Monday, January 23, 2017

Fun adventure in the Everglades

Riding a bicycle in Shark Valley gets you up close and personal with the “river of grass.”

A visit to Everglades NationalPark in Florida, the largest subtropical wilderness in the country, can be overwhelming because of its sheer size and the remoteness of many trails (both water and land).  But Shark Valley offers an excellent way to experience the park, especially if you like to explore on your own. Rent a bike (or bring your own) and peddle your way along a loop road through this northern section of the park.
The bike trail in Shark Valley is not a difficult ride.
With only slight elevation changes and no rough terrain to navigate, the scenic 15-mile paved road is ideal for bike riders of all ages.  The journey typically takes about three hours, depending on how often you stop and whether a gusty head wind crops up.  At the half-way point, in the heart of this unique ecosystem, the Observation Tower provides a convenient place to pause and enjoy panoramic views. 

To get a feel for the significance of this region, plan to ride the entire loop (if your fitness level allows), but check to be sure it’s open all the way since the curvy east portion, with expansive sawgrass prairie, is flooded and impassable at times. 
Be respectful of alligators in their natural habitat, and don't venture
too close.

 Alligators sunning themselves, as they lie partly on the road and partly in the marsh, provide perfect photo opportunities if you keep your distance—10-15 feet away is recommended.  Raccoons, white-tailed deer, turtles, frogs, otters, and other wildlife may also appear near the road or on hiking trails. 
Stop to soak in beautiful views
and reflections.
Start on the western side of the loop road, which is fairly straight, butts up against the wetlands, and hosts the greatest variety of wildlife and plants.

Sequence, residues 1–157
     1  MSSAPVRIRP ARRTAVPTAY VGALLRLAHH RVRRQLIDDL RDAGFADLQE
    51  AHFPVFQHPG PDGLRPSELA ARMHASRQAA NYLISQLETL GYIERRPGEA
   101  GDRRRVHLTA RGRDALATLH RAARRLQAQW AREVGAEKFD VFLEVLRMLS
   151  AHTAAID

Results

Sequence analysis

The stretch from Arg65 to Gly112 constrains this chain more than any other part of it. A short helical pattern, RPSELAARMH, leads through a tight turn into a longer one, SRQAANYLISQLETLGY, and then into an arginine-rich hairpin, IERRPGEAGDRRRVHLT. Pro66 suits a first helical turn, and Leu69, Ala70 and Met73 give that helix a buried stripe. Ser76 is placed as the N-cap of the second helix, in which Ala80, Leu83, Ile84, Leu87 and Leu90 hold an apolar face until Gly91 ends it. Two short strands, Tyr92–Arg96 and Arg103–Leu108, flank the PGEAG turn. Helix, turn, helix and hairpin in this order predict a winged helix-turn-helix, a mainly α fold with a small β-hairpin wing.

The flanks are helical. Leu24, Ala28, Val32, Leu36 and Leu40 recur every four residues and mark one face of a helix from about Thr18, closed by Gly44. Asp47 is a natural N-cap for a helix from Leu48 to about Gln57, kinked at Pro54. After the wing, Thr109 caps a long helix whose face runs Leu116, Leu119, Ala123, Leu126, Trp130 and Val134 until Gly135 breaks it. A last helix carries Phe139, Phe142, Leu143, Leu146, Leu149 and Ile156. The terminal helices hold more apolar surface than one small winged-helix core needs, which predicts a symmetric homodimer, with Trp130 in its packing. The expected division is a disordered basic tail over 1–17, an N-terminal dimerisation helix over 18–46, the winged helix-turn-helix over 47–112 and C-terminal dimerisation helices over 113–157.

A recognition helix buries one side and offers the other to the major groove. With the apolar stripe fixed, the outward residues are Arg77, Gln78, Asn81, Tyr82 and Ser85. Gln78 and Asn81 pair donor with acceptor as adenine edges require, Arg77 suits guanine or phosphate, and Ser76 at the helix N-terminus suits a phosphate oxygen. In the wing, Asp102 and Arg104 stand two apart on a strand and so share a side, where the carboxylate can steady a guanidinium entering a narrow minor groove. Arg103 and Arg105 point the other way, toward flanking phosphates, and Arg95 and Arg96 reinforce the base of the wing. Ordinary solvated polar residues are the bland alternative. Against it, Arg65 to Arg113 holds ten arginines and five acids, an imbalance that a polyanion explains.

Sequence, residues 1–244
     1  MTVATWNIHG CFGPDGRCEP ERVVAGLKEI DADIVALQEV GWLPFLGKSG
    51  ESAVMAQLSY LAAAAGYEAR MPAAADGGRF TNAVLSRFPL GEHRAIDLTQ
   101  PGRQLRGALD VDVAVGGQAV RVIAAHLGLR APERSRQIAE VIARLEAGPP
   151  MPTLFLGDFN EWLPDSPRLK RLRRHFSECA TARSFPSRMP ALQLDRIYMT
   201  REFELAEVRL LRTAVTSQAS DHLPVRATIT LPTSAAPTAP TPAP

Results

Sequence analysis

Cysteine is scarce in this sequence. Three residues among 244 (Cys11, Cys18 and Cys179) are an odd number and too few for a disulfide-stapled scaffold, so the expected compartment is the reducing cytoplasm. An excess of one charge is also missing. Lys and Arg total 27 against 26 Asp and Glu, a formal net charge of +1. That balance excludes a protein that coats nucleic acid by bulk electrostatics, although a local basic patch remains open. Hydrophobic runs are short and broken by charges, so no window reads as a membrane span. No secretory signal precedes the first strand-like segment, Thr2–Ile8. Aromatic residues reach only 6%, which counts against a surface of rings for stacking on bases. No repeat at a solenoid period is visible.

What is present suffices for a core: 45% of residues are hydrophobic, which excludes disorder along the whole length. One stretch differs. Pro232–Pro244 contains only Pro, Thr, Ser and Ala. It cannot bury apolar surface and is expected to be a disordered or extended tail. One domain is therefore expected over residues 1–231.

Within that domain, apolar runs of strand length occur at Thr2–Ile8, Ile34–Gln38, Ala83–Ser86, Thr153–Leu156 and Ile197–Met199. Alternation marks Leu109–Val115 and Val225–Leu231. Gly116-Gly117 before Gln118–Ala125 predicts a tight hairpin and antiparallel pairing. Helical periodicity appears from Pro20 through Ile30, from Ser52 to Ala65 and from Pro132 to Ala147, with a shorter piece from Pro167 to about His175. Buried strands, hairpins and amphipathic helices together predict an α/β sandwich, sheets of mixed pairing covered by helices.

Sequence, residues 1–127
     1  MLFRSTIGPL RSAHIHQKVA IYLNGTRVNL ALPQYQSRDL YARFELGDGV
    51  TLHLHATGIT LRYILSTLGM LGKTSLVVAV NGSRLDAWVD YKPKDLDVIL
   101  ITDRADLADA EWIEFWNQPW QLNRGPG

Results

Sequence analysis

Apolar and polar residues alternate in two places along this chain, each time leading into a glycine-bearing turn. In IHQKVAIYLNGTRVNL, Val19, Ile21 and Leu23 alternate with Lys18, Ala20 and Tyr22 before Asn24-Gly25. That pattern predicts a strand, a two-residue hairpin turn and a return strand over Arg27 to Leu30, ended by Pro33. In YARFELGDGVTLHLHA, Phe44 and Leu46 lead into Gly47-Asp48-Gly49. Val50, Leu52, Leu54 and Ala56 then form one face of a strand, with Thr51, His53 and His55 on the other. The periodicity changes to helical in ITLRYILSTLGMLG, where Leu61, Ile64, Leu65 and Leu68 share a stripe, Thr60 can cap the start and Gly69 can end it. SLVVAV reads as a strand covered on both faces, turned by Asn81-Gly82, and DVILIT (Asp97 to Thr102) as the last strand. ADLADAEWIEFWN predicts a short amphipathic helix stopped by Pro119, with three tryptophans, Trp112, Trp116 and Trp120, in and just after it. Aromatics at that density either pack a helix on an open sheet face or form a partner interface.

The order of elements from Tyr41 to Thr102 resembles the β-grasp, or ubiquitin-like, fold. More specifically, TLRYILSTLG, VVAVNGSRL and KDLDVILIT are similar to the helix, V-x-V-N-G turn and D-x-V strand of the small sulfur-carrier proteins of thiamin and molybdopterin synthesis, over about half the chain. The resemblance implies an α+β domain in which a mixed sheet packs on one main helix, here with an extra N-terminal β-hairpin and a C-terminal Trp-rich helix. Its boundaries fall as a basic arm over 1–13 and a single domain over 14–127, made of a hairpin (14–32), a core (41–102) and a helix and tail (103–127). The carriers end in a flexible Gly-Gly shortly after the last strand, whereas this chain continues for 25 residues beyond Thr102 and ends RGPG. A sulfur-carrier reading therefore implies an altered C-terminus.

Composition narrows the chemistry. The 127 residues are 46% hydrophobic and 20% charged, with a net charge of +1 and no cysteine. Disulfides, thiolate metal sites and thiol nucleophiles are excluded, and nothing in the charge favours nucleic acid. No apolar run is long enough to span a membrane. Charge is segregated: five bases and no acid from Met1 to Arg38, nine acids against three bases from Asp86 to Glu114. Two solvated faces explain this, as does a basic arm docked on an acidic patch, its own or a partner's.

Birds including egrets, ibises, ospreys, herons, cardinals, warblers, mockingbirds, and hawks catch your attention as they wade through marshes and then suddenly zip into the air.  If you spot a bird camouflaged among the grasses and tree branches and want to take a picture, don’t hesitate: quickly snap the shutter before it flies away.  Some larger species wander along the road, but they don’t linger when humans are around.
  Butterflies flit around the blooms, and don’t be surprised if one hovers just inches from your face.

Bird watching is a popular pastime on the trail.
Tiny flowers in pastel hues—white, pink, yellow, and purple--grow along the swamp’s edge.

Riding with a tail wind, the road uncoils beneath your wheels with amazing speed, and mile markers printed on the road pass quickly. However, it’s not uncommon for wind gusts or summer thunderstorms to appear, especially in the afternoon, so the trip could take longer after reaching the midway point.  If you decide not to ride the entire loop, retrace your path because there aren’t any shortcuts.
The Observation Tower offer expansive views of the surrounding area.
 Highlight of the ride is spectacular 360-degree views of wetlands, prairie, and trees seen from the 45-foot high Observation Tower. Views change as you walk along the elevated spiral ramp to the platform, so take time to enjoy scenes like blackbirds perched on railings cawing back and forth to each other and Monet-like reflections of clouds fluttering across the shallow, liquid meadow.  Besides allowing an overview of the ecosystem, the Tower offers tranquil vistas of the Everglades up to 20 miles in all directions.

Larry pedals along the Shark Valley bike trail in Everglades
National Park in Florida
Ride during cooler morning hours; take water and a light snack as there are no concessions once you leave the Visitors Center, located on Hwy 41, 46 miles from Fort Lauderdale.

Tram rides are also available in Shark Valley.
If riding a bicycle isn’t your style, the Shark Valley Tram offers a two-hour, open air tour on the same path.  Trained naturalists point out wildlife and narrate information about the park. 

One of three entrances to the national park, Shark Valley is a significant area for sustaining the park’s biological abundance and diversity.  Because of its worldwide significance, Everglades National Park has been designated a World Heritage Site, International Biosphere Reserve, and Wetland of International Importance. 
For more information, visit 

Photos by Beverly Burmeier



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